The defining characteristic of the male gaze is that the audience is forced to regard the action and characters of a text through the perspective of a heterosexual man; the camera lingers on the curves of the female body, and events which occur to women are presented largely in the context of a man's reaction to these events. The male gaze denies women agency, relegating them to the status of objects. The female reader or viewer must experience the narrative secondarily, by identification with the male. (FN10)(FN11)The concept of the male gaze, Freudian psychoanalytical roots aside, is really useful when we talk about issues related to female body image, advertising, and the general presentation of women in visual media. Stereotypically women are presented as passive and consumable, whereas men are portrayed as active and as consumers. A woman will be seen, for example, lying or sitting, surrounded by supple fabrics or consumables like food. The whole image indicates that the entire scene, and everything in it, is waiting for the viewer, to be accepted or rejected, consumed and enjoyed or rejected and discarded.
Men, by contrast, are shown in motion, or if stationary, standing squarely, or posed next to items that indicate movement (i.e. in classical paintings, on a horse; in current photography, next to a car or motorcycle). The scenes that surround them tend to be images that convey strength and dominance, frequently through violence (i.e. in classic painting, scenes of war or ‘subduing the land’) or scenes that cast them in their arena of accomplishment (i.e. a learned man with books). Female figures may look down or away; when they do look at the camera, it is what could be described, colloquially, as a “come hither” look. By contrast, male figures will stare, rather frankly, out at the viewer as if to challenge them.(FN12)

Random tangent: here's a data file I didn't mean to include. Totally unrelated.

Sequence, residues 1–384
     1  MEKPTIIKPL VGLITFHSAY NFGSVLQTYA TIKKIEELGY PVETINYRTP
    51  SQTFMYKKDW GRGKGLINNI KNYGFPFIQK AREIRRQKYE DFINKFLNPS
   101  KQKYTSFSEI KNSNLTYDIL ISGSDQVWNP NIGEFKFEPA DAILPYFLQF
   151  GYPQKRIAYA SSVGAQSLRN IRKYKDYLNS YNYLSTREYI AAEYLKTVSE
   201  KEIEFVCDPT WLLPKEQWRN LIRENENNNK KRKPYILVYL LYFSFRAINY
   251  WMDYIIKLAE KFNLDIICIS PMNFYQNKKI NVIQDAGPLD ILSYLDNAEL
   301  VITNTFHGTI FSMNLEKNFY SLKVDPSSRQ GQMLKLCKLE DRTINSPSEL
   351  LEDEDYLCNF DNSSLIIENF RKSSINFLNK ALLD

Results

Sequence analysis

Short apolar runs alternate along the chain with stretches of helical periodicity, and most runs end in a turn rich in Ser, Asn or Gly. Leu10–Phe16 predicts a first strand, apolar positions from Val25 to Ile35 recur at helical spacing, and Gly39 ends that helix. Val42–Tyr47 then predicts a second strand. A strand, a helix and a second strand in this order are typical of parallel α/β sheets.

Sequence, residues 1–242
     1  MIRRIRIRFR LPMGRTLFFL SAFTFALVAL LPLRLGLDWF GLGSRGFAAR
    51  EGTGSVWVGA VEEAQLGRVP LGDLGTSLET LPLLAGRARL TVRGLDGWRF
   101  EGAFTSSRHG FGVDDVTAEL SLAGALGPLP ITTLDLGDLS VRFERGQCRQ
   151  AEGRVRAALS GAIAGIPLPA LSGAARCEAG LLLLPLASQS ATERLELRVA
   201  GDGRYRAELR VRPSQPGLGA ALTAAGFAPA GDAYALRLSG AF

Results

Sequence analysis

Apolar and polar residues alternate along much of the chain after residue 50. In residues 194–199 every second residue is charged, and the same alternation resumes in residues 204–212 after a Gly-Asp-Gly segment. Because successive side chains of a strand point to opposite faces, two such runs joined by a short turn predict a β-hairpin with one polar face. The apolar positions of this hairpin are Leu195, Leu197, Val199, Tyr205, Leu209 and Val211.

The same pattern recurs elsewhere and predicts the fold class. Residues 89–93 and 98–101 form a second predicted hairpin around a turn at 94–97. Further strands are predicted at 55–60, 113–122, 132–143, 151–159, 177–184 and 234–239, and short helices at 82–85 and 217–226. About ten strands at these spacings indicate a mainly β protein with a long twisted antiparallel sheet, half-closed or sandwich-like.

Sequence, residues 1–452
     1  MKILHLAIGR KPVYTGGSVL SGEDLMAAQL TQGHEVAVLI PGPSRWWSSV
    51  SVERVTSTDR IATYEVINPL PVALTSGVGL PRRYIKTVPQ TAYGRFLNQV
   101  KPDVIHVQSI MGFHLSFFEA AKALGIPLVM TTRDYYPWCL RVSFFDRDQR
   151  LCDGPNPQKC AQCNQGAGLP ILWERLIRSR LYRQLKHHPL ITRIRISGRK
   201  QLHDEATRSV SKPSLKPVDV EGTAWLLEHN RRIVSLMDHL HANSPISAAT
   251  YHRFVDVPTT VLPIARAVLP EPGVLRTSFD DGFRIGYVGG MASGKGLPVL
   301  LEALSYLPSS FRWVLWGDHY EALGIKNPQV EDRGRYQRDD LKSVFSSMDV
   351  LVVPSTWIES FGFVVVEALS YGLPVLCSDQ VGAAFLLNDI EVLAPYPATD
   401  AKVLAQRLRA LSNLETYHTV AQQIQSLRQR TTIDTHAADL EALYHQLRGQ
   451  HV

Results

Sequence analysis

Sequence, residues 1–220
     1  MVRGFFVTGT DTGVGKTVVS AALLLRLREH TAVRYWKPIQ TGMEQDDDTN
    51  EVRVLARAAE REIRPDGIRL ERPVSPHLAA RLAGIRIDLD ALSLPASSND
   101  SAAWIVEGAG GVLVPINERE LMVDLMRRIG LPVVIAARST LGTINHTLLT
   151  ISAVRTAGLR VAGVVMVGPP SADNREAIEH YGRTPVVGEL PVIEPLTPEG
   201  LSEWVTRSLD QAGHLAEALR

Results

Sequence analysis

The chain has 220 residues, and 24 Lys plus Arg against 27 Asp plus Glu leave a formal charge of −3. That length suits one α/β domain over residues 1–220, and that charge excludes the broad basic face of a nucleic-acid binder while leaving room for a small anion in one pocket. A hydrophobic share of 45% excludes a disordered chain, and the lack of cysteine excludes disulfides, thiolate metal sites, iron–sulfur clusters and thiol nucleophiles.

When we look at modern advertising, particularly print advertising, it is fraught with this kind of imagery. In this respect, fragrance is not all that much better or worse as an industry than almost any other industry. Still, and I mean this in the way I am troubled by the language issue, I am troubled by the fact that the world of scent is so specifically gendered and desperate to use the same tired tropes to sell something that, in the natural world, has no sense of gender. This played out and put on set of roles has nothing to do with whether something smells good or is worth wearing, and yet we just seem intent on selling and consuming, and therefore becoming, these same old roles. JT is posed at his soundboard, mixing his music that is his arena of accomplishment, gazing out at the viewer.